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Buildings and Grounds

Operating more than 40 buildings in downtown Toronto, the university’s buildings represent a huge opportunity to adopt practices that contribute to a sustainable, healthy place for teaching, learning and research. 

Buildings make a significant contribution to our carbon and environmental footprint. Recognizing the need to minimize negative impacts, all capital projects at TMU are subjected to ongoing analysis from the standpoint of sustainability and making efficient use of our existing space to optimize scarce and valuable urban land.

We seek to incorporate natural spaces and features into our unique urban campus grounds and develop green spaces that support sustainable food production and practical learning opportunities for students. We also work to ensure that sustainability is integrated into maintenance practices on campus, from cleaning our buildings to salting our sidewalks.

Sustainable Building Guidelines

Our  (google doc) Sustainable Building Guidelines (external link)  ensure our commitment to carbon reduction and environmental sustainability is reflected in the design and creation of our spaces.  The guidelines include robust energy and greenhouse gas (GHG) emissions performance targets, waste reduction and diversion goals and other requirements that promote sustainable building design. The guidelines apply to all capital projects (new construction, additions and major renovations), minor renovations with carbon and energy implications (as applicable) and should be included in all request for proposals. 

LEED Certification 

TMU leverages advanced systems and technologies to more efficiently light, heat, cool and operate our spaces. We are committed to achieving a minimum of Leadership in Energy and Environmental Design (LEED) (external link)  Silver certification for all new construction and major building renovations.

The university has been awarded with and targets LEED certifications for renovations and builds, including:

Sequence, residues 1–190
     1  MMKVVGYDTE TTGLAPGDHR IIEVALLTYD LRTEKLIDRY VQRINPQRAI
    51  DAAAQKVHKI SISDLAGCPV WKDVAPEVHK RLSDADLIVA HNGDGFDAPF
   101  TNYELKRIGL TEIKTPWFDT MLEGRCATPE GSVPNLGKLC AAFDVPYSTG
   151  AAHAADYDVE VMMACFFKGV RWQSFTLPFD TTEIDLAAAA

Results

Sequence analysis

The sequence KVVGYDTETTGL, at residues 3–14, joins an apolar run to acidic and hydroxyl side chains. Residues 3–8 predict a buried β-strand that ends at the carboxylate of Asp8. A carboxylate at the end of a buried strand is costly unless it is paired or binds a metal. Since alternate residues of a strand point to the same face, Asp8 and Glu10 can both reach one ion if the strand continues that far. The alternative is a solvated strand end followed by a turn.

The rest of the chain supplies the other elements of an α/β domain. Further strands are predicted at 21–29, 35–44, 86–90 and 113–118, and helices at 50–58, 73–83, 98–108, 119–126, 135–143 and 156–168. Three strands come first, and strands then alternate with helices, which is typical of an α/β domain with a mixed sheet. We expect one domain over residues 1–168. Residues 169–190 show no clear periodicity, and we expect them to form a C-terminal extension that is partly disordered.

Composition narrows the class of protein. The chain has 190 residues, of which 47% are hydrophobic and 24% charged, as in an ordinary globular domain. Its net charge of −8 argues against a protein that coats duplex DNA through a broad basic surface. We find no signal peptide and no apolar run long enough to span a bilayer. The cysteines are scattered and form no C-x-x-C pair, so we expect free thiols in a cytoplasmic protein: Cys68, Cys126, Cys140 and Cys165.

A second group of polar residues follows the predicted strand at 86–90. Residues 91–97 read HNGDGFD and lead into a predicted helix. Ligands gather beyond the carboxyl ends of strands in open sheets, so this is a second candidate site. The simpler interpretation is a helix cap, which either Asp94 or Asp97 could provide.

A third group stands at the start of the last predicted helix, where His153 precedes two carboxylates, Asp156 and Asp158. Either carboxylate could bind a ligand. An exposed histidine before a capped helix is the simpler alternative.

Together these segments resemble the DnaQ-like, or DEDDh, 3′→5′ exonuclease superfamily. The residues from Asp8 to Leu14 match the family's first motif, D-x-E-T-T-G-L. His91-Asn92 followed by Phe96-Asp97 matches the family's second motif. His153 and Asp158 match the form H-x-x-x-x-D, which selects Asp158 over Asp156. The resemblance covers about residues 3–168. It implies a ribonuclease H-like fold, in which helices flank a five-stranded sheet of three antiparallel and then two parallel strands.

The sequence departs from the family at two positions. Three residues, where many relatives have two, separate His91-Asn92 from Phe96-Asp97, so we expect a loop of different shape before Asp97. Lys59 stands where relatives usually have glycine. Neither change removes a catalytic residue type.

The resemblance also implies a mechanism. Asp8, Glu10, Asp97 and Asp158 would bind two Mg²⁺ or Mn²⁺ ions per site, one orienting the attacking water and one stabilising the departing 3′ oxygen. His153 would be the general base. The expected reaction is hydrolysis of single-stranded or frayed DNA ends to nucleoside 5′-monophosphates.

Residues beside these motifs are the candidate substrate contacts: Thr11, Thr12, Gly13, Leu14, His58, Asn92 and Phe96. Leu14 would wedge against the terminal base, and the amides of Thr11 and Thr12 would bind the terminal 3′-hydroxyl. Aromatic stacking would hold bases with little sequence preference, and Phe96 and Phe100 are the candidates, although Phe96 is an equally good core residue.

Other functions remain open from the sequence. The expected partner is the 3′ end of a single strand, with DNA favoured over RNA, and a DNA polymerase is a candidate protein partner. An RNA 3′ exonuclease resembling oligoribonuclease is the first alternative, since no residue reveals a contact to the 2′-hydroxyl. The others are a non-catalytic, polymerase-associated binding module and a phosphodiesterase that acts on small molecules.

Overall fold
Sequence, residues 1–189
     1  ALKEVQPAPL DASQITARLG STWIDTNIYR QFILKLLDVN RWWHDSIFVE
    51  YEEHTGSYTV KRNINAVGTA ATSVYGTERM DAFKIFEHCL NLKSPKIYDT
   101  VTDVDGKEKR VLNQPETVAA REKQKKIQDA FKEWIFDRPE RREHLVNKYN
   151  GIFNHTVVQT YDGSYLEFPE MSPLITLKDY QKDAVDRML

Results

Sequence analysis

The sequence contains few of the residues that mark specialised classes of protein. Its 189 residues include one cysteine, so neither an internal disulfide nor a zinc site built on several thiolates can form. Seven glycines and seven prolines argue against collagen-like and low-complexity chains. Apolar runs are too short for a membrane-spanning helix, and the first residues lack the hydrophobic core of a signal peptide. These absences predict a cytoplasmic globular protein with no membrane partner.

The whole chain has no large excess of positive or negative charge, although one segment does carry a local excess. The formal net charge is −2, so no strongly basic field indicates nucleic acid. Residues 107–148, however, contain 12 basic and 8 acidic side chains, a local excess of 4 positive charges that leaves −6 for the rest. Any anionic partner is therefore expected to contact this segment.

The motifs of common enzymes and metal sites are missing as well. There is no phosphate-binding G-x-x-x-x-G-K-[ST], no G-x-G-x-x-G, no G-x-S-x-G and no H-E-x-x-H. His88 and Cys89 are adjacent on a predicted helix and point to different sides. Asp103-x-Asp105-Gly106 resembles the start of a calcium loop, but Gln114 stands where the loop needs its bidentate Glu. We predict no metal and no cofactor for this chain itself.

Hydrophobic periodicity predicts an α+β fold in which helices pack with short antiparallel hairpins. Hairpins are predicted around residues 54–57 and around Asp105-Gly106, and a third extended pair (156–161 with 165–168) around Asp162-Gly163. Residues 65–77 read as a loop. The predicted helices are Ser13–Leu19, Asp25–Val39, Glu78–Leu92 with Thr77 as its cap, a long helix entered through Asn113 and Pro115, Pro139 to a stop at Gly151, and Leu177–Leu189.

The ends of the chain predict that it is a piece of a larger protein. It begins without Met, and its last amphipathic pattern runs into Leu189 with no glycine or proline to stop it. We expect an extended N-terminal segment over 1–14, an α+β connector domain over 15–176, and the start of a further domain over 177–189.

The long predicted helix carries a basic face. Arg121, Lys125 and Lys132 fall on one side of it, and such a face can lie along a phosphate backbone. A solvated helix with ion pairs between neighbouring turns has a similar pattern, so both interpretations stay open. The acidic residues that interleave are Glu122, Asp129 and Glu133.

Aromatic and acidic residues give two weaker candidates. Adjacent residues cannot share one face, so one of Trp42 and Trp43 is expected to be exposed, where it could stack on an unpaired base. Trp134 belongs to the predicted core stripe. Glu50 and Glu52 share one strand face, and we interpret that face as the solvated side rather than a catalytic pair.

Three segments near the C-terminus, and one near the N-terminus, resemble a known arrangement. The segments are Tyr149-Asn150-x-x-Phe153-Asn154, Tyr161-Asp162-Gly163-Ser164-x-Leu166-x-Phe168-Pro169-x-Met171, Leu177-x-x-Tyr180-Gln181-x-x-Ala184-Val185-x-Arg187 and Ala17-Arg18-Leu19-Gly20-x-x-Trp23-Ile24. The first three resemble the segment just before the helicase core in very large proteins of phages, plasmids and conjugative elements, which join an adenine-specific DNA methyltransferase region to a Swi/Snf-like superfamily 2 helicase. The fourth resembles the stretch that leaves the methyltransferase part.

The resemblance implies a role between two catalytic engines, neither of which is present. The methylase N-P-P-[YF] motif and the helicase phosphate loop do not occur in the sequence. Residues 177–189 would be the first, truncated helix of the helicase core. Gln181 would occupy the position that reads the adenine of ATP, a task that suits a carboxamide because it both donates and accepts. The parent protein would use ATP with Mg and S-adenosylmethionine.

Campus Core Revitalization

The Campus Core Revitalization (CCR) streetscape project updated the streetscape along Nelson Mandela Walk to provide increased natural vegetation and a modern, more accessible space. The project also included a green strategy that aligns with our commitment to sustainability. The trees and plants that were struggling to survive in our campus’ urban environment were removed and replaced with native species such as Elm and Red Oak. The new, underground soil cells supporting the new trees were designed as an integrated stormwater management system that contributes to the natural filtration, storage and absorption of stormwater runoff.

The trees that were removed were ground to mulch and returned to TMU’s campus for use in our landscaping. Arborists also cut logs from some of the mature trees that were removed and returned them to be used as natural enrichment features in the Early Learning Centre playgrounds. The topsoil was also removed and sent to a facility to clean out the debris that tends to accumulate in urban gardens. The restored topsoil recovered from the CCR project will be reused in landscaping instead of being discarded as backfill.

Grounds Electric Fleet Vehicles and Equipment

The university Grounds team owns and operates two 100% electric utility trucks. The switch from diesel vehicles to electric was made in an effort to reduce their impact on the environment. The Grounds team also made the decision to replace much of their gasoline powered ground maintenance equipment with battery powered equipment.  They are continuing to explore alternate equipment options to improve the sustainability of their operations.

Road Salt Reduction 

The Uban Water Research Centre and Facilities Management and Development ("Facilities") have partnered with WWF-Canada on a project to reduce the university’s use of road salt in the winter. Reducing the amount of road salt applied to our urban surfaces is key to mitigating the impacts on water quality and aquatic ecosystem health.

What began as a pilot project during the 2018/2019 winter term, is now standard practice for the Groundskeeping team. They create a liquid brine solution (a mixture of salt and water) and apply the spray solution to de-ice campus walkways and stairways in anticipation of snowfalls and freezing rain. Treating the TMU campus as a living lab, Dr. Oswald from the Uban Water Research Centre and her team are analyzing the data collected by Facilities staff to study the on-going safety, cost effectiveness and environmental impact of the liquid de-icer. Using this method, TMU’s annual road salt use is reduced by one third (more than 6 tonnes) on campus and costs are reduced by approximately 30%.

We are very proud of the cross-departmental team that took part in the sustainability initiative and successfully achieved a measurable, positive outcome that is cost-effective and will be scaled up to positively impact communities beyond our campus.

To learn more about the impact of salt in urbanized watersheds and this initiative, visit the Urban Water Research Centre website.

Additional TMU Initiatives